District 64 officials exploring full-day kindergarten options

A survey about full-day kindergarten options may soon be headed to Park Ridge-Niles Elementary School District 64 residents.

The proposed poll is part of an exploration into whether the district should offer full-day kindergarten classes at all, one or none of its elementary campuses.

The board and administrators will discuss the progress of the inquiry in a special meeting at 5:30 p.m. Wednesday, at Emerson Middle School, 8101 N. Cumberland Ave., Niles.

You can watch the meeting live at

Six of District 64's eight schools offer kindergarten classes. One campus, Jefferson School, houses an early childhood program and an extended day kindergarten program.

District 64 launched a kindergarten exploration committee earlier this year. That led to a community survey that revealed the majority of respondents favored full-day kindergarten in some format, officials have said.

At a board meeting last month, Superintendent Eric Olson said the board has three options: offering full-day kindergarten at all the elementary schools, offering full-day kindergarten only at Jefferson School or leaving the program the way it is.

The district would still offer a half-day option if full-day kindergarten becomes available, as required by the state, officials said.

Jefferson School could receive facility upgrades and the district headquarters could move to Jefferson as part of the project, officials said.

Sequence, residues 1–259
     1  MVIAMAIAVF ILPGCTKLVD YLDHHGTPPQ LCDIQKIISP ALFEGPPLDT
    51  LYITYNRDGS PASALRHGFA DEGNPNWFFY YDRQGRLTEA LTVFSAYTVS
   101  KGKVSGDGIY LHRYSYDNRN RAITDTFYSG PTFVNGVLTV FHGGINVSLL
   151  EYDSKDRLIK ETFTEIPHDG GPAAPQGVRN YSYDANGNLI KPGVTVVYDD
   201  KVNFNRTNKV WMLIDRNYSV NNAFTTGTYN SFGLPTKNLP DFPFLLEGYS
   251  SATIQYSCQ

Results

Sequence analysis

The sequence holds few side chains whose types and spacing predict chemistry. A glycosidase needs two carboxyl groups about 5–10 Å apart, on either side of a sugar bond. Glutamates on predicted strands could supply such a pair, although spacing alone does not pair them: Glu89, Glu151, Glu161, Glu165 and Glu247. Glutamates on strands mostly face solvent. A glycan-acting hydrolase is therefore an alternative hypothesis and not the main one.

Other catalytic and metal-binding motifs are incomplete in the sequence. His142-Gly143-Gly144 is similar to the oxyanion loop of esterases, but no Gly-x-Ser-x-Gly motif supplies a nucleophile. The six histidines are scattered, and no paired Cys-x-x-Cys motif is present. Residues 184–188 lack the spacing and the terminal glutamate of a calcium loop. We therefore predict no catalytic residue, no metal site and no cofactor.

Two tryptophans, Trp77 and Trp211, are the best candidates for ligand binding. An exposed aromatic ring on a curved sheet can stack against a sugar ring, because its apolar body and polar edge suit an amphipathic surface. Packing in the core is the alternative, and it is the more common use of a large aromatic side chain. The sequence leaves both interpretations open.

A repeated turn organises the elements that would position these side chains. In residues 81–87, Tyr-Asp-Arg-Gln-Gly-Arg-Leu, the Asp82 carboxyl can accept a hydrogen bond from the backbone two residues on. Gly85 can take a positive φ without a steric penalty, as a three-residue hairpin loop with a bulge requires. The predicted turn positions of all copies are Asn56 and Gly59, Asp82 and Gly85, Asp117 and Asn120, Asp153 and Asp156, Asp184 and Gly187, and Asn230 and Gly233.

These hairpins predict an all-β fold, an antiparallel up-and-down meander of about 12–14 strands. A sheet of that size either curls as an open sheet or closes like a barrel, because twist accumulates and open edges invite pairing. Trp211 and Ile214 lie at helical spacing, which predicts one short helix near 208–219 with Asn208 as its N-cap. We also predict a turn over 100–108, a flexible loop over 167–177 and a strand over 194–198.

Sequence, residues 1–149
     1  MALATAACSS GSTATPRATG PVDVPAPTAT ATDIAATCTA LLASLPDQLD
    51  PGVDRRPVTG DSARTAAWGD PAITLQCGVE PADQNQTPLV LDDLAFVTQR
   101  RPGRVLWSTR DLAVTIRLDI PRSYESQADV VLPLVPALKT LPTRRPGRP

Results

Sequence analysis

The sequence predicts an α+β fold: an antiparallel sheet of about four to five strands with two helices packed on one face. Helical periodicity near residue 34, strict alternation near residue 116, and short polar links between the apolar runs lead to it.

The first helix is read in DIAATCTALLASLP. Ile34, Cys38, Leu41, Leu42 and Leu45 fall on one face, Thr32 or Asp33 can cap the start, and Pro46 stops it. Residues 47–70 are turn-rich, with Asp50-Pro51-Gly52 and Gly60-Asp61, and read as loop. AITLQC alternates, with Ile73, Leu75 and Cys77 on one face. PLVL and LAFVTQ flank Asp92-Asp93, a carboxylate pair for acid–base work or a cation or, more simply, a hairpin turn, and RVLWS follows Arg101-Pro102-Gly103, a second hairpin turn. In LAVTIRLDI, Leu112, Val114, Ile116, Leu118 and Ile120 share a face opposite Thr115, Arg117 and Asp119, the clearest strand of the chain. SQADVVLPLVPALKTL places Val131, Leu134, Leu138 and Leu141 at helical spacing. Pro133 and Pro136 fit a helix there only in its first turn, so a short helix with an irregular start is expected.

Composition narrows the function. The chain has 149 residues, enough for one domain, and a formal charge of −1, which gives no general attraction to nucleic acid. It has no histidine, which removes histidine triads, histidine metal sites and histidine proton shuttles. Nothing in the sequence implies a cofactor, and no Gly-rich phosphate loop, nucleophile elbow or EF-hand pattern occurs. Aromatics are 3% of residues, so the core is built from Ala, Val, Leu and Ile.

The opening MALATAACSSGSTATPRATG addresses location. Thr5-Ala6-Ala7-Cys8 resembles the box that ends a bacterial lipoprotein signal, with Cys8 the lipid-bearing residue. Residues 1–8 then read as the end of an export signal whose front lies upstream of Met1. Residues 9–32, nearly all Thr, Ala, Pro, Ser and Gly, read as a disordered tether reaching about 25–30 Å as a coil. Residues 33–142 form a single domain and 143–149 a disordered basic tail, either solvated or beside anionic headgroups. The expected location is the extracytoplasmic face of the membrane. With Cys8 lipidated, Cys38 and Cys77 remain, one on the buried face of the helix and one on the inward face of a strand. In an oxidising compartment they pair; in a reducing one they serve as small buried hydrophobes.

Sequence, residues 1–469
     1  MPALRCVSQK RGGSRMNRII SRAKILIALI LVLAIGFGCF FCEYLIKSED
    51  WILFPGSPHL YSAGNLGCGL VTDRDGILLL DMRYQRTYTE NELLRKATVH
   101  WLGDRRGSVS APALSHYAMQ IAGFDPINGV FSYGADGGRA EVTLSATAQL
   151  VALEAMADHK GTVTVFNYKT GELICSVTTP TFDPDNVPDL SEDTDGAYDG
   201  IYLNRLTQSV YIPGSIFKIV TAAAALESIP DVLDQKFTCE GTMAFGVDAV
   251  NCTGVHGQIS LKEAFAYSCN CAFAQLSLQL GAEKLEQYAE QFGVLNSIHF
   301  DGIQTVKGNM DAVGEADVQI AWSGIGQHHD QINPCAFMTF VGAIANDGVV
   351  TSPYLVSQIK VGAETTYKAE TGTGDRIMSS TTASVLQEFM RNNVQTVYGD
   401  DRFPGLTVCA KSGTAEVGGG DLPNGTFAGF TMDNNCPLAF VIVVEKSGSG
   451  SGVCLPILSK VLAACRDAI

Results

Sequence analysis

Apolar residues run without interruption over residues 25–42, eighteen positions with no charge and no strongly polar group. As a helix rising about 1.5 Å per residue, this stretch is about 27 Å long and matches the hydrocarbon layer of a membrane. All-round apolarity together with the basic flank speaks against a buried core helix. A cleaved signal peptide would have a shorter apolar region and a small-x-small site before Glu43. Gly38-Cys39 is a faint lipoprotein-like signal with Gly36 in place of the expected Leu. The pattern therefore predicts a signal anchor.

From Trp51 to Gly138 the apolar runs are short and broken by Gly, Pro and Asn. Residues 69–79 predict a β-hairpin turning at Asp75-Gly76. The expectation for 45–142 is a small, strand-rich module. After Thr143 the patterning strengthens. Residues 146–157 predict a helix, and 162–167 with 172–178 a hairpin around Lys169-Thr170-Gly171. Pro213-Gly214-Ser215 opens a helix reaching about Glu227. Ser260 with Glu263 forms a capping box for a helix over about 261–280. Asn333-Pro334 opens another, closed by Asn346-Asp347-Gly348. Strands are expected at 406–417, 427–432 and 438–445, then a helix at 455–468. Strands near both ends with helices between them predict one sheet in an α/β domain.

The necessary construction work and program relocations could cost up to $25 million, officials said.

No plan has been approved.

Officials said the district likely would borrow money and would increase the district's property tax rate to fund the project.

Following a long discussion at their June 24 meeting, board members directed Olson to prepare a proposal for a new community survey that would ask residents which kindergarten option they prefer.

At that same meeting, the board voted 4-3 against a proposal from Trustee Garreth Kennedy to direct Olson to prepare for a binding referendum regarding full-day kindergarten classes.

"I think we owe it to the taxpayers," Kennedy said.

The majority disagreed, however, citing the current opportunity for loans with low interest rates and other factors. Others noted most other Illinois districts already offer all-day kindergarten.

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